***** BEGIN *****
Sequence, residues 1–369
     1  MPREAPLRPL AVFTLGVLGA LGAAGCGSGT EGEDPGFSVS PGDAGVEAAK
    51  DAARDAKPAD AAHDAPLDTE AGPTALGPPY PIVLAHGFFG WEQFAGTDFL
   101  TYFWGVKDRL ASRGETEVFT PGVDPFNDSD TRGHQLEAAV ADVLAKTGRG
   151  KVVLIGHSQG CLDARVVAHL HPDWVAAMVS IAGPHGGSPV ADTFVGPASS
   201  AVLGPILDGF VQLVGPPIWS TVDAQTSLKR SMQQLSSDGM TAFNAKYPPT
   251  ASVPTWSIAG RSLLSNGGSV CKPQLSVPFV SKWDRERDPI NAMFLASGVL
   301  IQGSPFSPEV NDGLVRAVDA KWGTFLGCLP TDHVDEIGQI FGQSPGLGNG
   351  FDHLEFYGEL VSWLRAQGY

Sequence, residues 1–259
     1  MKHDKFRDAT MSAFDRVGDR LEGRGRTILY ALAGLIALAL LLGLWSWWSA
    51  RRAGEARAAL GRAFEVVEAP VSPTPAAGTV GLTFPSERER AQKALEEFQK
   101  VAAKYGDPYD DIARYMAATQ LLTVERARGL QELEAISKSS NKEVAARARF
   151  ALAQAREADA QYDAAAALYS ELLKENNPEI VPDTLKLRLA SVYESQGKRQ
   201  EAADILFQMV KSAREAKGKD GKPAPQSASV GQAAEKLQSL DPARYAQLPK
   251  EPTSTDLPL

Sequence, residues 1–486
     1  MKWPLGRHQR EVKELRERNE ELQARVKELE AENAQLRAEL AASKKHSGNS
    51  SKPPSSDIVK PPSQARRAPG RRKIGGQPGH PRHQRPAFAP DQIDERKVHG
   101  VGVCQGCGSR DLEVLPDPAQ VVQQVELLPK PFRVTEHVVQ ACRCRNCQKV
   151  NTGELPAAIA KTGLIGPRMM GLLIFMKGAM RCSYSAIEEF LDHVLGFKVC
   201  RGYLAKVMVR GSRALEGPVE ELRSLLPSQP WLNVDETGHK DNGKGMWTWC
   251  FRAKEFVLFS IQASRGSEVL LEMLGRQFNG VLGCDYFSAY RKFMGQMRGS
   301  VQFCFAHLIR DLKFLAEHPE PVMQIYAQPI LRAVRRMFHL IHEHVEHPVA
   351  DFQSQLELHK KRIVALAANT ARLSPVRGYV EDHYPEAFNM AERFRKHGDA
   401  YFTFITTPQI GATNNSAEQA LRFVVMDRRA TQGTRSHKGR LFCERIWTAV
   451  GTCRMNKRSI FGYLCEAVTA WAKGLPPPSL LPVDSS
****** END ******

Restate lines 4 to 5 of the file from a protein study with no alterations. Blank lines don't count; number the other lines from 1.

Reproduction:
   101  TYFWGVKDRL ASRGETEVFT PGVDPFNDSD TRGHQLEAAV ADVLAKTGRG
   151  KVVLIGHSQG CLDARVVAHL HPDWVAAMVS IAGPHGGSPV ADTFVGPASS